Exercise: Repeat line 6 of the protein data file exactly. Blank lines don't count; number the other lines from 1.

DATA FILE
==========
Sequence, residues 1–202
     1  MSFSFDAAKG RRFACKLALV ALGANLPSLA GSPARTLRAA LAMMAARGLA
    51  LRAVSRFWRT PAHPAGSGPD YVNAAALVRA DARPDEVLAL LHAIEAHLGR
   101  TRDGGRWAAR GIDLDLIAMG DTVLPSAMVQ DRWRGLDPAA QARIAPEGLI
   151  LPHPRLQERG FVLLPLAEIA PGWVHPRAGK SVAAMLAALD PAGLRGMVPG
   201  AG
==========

   201  AG